are greatest during the first trimester, when the fetus's body is rapidly forming and even small biochemical
alterations in the mother can have a devastating effect on fetal development (see Chapter 12). Even later, the
fetus is more susceptible than the mother to the adverse effects of any drugs she takes. The fetus may even
become physically dependent on a drug being taken by the mother and suffer withdrawal symptoms after birth.

Psychological Factors

Sometimes a person's response to a drug is strongly influenced by the individual's expectations about how he or
she will react (the psychological set). With large doses, the drug's chemical properties seem to have the strongest
effect on the individual's response. But with small doses, psychological (and social) factors are often more
important. When people strongly believe that a given drug will affect them a certain way, they are likely to
experience those effects regardless of the drug's pharmacological properties. In one study, regular users of
marijuana reported a moderate level of intoxication ( high) after using a cigarette that smelled and tasted like
marijuana but contained no THC, the active ingredient in marijuana. This is an example of the placebo effect
when a person receives an inert substance yet responds as if it were an active drug. In other studies, participants
who smoked low doses of real marijuana that they believed to be a placebo experienced no effects from the drug.
Clearly, the person's expectations had a greater effect than the drug itself.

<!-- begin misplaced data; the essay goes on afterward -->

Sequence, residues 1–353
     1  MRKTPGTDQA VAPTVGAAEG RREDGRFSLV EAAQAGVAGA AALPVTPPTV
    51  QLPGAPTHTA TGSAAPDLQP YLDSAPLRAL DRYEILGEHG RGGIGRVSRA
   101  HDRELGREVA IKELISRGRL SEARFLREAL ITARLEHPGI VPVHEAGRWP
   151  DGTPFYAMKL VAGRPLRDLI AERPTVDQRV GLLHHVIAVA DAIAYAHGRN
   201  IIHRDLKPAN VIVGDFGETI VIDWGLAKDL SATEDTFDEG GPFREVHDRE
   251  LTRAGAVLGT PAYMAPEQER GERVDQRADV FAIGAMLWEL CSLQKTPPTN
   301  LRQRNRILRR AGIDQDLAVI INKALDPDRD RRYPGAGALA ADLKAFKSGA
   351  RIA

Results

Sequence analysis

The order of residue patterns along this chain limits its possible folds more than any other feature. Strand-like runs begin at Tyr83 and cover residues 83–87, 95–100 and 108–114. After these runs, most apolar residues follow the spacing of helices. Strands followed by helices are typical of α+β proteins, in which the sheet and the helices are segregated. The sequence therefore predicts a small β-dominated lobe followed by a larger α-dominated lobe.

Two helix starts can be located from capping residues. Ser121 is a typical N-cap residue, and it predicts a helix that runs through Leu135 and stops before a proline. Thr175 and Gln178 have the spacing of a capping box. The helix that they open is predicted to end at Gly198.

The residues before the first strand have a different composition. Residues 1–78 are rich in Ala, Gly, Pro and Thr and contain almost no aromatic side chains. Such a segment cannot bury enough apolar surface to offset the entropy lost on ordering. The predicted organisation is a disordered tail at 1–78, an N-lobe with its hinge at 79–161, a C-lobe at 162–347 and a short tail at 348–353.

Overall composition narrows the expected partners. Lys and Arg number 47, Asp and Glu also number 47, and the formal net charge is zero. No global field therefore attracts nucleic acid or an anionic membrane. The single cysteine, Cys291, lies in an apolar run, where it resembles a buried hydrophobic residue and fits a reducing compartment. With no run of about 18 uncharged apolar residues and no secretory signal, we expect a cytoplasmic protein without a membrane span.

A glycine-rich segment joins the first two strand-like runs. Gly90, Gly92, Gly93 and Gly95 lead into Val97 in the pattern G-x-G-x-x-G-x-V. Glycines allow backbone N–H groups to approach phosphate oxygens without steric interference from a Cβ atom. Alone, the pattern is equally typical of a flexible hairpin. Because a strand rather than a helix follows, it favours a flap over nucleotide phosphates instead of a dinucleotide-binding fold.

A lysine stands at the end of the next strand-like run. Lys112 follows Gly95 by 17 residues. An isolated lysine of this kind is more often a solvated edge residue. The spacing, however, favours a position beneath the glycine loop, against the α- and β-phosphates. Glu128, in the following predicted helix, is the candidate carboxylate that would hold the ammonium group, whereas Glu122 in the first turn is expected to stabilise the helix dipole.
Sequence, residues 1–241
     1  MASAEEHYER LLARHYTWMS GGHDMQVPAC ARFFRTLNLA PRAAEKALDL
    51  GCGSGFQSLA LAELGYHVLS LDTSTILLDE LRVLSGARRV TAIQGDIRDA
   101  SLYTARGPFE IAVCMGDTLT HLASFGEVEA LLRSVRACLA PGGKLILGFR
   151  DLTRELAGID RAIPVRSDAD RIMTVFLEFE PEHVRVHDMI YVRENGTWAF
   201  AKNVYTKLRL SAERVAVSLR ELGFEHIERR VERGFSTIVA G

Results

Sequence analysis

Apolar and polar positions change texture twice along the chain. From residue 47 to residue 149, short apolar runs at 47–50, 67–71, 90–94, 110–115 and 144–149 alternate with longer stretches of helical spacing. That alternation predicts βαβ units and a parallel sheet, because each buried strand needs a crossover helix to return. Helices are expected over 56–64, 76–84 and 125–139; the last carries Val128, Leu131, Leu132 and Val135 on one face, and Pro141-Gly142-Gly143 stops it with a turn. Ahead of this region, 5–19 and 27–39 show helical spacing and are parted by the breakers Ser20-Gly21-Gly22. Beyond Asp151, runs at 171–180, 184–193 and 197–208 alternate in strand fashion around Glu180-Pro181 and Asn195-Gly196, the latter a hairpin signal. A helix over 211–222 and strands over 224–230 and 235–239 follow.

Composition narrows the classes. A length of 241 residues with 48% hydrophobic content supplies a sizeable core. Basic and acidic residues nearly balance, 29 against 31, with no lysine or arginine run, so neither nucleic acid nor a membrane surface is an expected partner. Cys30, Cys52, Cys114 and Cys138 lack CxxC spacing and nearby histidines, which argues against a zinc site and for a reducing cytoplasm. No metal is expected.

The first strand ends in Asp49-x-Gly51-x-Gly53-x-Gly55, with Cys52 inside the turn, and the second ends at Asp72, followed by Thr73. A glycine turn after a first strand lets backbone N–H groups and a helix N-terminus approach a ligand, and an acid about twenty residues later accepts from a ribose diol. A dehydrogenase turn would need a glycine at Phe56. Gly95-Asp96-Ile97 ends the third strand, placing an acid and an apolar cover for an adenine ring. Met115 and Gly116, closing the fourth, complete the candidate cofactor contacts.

QUESTIONS FOR CRITICAL THINKING AND REFLECTION

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Has an over-the-counter medication (such as a decongestant) ever made you feel strange, drowsy, or even high?
Did you expect to react to the medication that way? Do such reactions influence the way you use OTC drugs?

Social Factors

The setting is the physical and social environment surrounding the drug use. If a person uses marijuana at home
with trusted friends and pleasant music, the effects are likely to be different from the effects if the same dose is
taken in an austere experimental laboratory with an impassive research technician. Similarly, the dose of alcohol
that produces mild euphoria and stimulation at a noisy, active cocktail party might induce sleepiness and slight
depression when taken at home while alone.

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THINKING ABOUT THE ENVIRONMENT

A number of addiction researchers have focused on interpersonal and intrapersonal characteristics associated
with an individual's drug use. Recently, however, there has been increasing interest in environmental factors that
may influence substance abuse. For example, the proximity of commercial outlets selling alcohol has been
suggested as an important determinant of heavy alcohol use.

Spatial and spatially-related features of the environmentsuch as land use, urban sprawl, quality of housing,
neighbourhood characteristics, and density of particular commercial outletsare emerging topics in addiction
research. The term built environment has been used to refer to attributes of an area or neighbourhood (such as
parks, schools, buildings, roads, and sidewalks) that individuals use and encounter regularly, which may be
associated with substance use.

For more information on the environment and health, see Chapter 21.